Simple, Yet Powerful Ways to Manage Worry & Anxiety

This article is about four simple, yet powerful ways to manage worry and anxiety. Are you worried about how things are going to go for you? Do you fear that you won’t be able to handle potential problems? How can you make a tough decision not having all of the details? Here’s what you CAN do. You can take control of your mind by shifting what you focus on. You can choose to focus on your strengths and the things that you have control over. You can also challenge irrational thoughts of uncertainty and worry.

Handling being worried over how things are going to go for you.

Ask yourself:

Who do I want to be?

What quality of presence do I want to bring to any challenges I face?

Note the shift that occurs when you go from focusing on what will go wrong today to the person you want to be.

Challenge your fear that you won’t be able to handle potential problems.

One way to address this fear is to imagine yourself coping. Whenever you are worried about a problem that could happen, envision yourself skillfully coping with it.

What does that look like?

Recall a strength that you have demonstrated multiple times when you’ve risen to meet a challenge. Then, expect yourself to rise, bringing that same strength, resourcefulness, and determination to the problem that might challenge you today.

Pause & notice whether this time is different.

When a familiar worry or fear crosses your mind, this can be about failing or that something horrible will happen, notice that it has never actually happened.

It’s likely that your mind is ignoring all of the times that those worries and fears didn’t come true and that this time is different.

If this sounds like your experiences, then consider that the worry or fear is a false alarm, like the other times.

Make decisions even when there is uncertainty.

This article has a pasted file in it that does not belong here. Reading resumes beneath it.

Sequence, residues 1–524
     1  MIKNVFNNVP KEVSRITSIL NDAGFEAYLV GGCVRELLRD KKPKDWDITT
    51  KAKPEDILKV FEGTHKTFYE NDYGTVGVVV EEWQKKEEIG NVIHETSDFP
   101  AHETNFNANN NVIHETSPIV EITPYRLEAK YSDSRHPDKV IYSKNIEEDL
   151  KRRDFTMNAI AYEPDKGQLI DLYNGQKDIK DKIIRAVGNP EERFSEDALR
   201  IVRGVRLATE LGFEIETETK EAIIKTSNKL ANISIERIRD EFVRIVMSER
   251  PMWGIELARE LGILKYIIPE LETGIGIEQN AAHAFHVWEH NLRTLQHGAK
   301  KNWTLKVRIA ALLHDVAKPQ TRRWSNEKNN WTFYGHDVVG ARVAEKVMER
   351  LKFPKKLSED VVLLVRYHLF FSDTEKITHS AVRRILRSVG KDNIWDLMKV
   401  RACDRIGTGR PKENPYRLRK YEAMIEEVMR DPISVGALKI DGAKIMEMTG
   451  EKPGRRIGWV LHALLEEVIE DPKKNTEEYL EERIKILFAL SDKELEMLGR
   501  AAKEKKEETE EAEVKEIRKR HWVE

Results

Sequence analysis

When you’re making a tough decision, all you can do is make the best choice for what you know right then and there.

Embrace the reality of not having all of the information and details today, not knowing exactly what the outcome will be.

Allow yourself to be free from the assumption that you’re responsible for knowing the unknown.

By choosing to focus on what is helpful, you can better manage your worries and anxiety. Always draw from your strengths and know that you will overcome any stressful situations that lay ahead because you have overcome things in the past. Challenge irrational and distorted thoughts, acknowledging and then reframing them. Notice the shift in thinking and how you feel afterwards. Practice these tips so that they stick to your mind and alter how your mind works. Have power over worry and anxiety.

Source:
Seth J. Gillian, PhD.

Glacier Ridge Trail, Moraine State Park, PA

Mindfulness Walk Activity

Mindfulness and walking are highly beneficial to your mental health, especially when you do them routinely. Try combining them! Go on a walk. You can walk inside (yes, it still works) or outside, done alone, while walking the dog, or with another person. – just don’t have a conversation with the other person while doing this activity because it takes away the point. No headphones with music or audiobooks. Engage your mindfulness skills and enjoy!

A little about mindfulness

To put mindfulness into action

BE AWARE of what is going on around you physically. Increase your awareness of experience.